Haytham, a biomechanical engineering Ph.D. with an authentic passion for his mission, left an impression, though. He was thinking about the problem in the right way, understood that there was money to be made in solving it, and he and his team had the technological chops to make it happen. But perhaps what I admired most was Haytham’s self-awareness and his tenacity; he knew that he hadn’t yet found the right mechanism for solving the problem. Workers resisted the chest harness, and therefore operations managers had trouble enforcing it. But Haytham knew that if he developed a device that workers would willingly wear, he would have a business. Having grown up with a mother who suffered from debilitating back problems due to the nature of her work as an elder-care nurse, Haytham was unwaveringly committed to solving the problem and had the tenacity to keep at it until he got it right. We passed on the deal at that point but stayed in touch as Haytham kept chipping away at the problem.
To find the right device form factor, Haytham and his cofounder, Aditya Bansal, undertook some deep machine learning work to map the desired data against movements that could be more easily and conveniently measured. Ultimately they settled on the magical movement of the hips. They discovered, after considerable R&D work, that movements that could be measured in the hip were reliably mappable, through the development of complex algorithms, to spine movements. With this discovery made, they were off, settling on a pager-sized device, worn on the belt, that detects unsafe postures and alerts the worker with a real-time vibration. They also incorporated a gamification aspect to the product, by which workers can compete with their colleagues to stay under a certain goal of unsafe motions per day. Managers can view insights and analytics on the company’s dashboard.
Early pilots with warehouses and smaller rollouts with companies – including Iron Mountain and Crane Worldwide Logistics – large manufacturers and e-commerce providers have garnered extremely positive feedback on the injury-prevention front. Crane, for instance, saw an 84% improvement in workers’ high-risk postures, and a heightened focus on safety and employee engagement. What makes Kinetic even more compelling, however, and what really caught our eye when Haytham approached us with the latest iteration of the product, are the early signs that show material improvements in worker productivity when you reduce injury-inducing movements. Kinetic is now in pilot with two Fortune 50 corporations that have amongst the largest distribution systems in the country, both of whom have seen an increase in worker productivity of over 5% by using the platform. This is the sort of compelling data that has the potential to alter the course of an entire workforce, with an abundance of possible applications across many industries. Once we saw these numbers, we knew that Haytham and Aditya had found that unique marriage of product-market fit and compelling outcomes data, and we jumped at the opportunity to invest alongside Crosslink Capital in their $4.5 million seed round.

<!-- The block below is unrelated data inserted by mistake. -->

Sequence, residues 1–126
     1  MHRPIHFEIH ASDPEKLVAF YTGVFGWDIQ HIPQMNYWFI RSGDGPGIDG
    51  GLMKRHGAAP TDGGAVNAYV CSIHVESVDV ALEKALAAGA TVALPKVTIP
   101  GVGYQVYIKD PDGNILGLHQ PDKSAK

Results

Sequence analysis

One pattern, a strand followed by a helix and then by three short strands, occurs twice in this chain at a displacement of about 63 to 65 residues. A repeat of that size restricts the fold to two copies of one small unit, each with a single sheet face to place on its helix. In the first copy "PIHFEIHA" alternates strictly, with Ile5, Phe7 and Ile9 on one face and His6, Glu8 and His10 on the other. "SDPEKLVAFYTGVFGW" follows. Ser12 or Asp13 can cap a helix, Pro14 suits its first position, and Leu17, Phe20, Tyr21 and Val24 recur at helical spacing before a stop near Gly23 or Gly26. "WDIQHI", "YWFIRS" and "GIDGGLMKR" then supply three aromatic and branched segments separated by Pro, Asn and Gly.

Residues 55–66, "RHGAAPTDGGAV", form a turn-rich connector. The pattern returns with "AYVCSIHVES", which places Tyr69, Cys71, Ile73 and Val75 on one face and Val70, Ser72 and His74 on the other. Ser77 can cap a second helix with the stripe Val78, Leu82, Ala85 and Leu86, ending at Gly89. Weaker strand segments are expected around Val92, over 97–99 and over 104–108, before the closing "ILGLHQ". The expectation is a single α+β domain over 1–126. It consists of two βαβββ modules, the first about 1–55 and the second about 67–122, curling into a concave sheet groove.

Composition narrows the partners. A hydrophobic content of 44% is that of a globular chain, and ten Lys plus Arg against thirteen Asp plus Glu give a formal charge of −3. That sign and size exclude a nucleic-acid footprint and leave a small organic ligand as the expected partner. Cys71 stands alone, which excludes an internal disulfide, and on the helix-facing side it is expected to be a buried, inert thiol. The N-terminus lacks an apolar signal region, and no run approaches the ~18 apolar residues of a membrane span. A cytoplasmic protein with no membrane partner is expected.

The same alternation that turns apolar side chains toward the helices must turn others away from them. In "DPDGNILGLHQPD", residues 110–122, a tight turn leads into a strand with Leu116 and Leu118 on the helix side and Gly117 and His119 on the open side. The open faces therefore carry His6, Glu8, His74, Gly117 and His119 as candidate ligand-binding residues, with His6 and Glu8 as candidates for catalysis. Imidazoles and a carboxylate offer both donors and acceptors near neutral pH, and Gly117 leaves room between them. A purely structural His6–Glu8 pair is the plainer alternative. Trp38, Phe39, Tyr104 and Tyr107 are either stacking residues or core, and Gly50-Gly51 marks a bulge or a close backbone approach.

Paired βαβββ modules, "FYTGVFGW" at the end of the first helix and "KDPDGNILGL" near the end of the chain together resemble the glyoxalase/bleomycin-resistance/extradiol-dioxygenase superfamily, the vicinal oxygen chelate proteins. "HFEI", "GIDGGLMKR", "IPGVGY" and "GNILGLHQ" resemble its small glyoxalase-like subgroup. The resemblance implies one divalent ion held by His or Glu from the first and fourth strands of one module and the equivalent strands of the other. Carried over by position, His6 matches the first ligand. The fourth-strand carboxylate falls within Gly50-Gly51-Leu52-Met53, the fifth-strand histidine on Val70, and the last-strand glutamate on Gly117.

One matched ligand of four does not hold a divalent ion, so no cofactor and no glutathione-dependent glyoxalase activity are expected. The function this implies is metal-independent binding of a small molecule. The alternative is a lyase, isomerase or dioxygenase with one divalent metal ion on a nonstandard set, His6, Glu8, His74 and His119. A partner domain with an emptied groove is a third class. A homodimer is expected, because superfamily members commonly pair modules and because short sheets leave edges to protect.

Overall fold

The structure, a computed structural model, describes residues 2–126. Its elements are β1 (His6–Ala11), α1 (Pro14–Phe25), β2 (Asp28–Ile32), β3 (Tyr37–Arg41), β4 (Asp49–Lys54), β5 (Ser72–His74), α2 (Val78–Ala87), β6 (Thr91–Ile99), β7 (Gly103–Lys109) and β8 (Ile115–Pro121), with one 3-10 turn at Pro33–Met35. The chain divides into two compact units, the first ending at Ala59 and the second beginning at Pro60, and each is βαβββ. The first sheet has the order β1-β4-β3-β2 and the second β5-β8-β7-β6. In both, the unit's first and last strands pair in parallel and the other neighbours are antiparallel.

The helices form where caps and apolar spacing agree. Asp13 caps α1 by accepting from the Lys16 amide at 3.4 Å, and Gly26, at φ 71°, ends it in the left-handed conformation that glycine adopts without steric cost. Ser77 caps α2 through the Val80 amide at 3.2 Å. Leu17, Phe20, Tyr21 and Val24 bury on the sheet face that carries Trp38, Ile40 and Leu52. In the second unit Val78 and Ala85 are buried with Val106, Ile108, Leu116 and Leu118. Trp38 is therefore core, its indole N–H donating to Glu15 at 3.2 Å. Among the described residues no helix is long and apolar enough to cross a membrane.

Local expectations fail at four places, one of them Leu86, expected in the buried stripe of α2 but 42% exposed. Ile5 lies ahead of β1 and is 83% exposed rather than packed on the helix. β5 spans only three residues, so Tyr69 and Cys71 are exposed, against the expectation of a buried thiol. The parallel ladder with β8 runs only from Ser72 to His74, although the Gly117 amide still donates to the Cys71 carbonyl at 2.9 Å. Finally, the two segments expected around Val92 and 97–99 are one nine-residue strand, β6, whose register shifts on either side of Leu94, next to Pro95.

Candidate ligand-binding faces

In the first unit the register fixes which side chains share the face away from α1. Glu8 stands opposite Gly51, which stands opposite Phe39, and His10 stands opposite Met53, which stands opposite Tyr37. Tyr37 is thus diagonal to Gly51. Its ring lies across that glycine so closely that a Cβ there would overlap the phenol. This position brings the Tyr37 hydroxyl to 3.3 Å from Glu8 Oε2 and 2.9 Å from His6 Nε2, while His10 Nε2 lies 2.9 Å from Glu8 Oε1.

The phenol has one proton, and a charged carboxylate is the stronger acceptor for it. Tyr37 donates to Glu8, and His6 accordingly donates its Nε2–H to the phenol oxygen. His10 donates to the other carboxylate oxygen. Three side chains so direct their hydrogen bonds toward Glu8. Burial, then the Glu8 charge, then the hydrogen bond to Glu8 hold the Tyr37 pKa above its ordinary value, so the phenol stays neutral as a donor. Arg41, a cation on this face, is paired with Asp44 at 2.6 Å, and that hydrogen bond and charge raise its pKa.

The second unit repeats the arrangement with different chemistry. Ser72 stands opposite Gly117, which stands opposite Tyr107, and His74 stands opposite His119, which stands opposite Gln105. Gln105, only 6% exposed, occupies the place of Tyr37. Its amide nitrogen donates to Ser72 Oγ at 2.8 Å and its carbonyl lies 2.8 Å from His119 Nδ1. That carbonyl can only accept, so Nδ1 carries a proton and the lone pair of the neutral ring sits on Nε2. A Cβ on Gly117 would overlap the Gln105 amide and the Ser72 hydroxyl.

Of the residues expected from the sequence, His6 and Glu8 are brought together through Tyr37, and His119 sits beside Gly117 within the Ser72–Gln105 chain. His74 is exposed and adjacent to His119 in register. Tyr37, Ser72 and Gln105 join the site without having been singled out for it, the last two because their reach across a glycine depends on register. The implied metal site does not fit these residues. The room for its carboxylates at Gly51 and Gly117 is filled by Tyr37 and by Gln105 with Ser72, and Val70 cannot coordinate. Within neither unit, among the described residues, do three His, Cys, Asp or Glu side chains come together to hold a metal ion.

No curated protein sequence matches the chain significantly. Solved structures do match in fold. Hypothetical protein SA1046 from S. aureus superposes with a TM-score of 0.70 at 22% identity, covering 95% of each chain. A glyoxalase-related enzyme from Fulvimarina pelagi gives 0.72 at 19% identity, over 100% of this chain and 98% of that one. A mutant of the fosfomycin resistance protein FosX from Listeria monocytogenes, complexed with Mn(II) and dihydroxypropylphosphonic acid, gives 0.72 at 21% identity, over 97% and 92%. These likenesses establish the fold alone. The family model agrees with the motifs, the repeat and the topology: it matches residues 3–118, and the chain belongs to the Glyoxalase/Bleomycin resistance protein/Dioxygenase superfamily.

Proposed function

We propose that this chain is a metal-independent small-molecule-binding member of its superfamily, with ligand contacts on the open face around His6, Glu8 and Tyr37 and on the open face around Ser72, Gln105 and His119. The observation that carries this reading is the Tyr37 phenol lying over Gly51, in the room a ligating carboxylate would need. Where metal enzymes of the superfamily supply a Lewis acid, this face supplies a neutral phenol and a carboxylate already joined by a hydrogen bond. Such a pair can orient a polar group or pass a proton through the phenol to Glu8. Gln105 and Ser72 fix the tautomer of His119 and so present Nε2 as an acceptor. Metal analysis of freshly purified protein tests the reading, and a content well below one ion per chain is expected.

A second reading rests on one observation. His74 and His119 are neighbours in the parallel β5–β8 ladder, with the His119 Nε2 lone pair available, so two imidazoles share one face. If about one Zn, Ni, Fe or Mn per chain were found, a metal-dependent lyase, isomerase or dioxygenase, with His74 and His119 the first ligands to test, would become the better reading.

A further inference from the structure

The story of Kinetic is one of persistence and commitment to finding the right solution for an important problem. It’s a story of patience, of the paramount importance of understanding your customer and your end user, and of the power of data to achieve your goals. We met Haytham three years ago and watched closely as he and Aditya worked feverishly to make these pieces come together, and we’re proud to now partner with him on this incredibly exciting journey.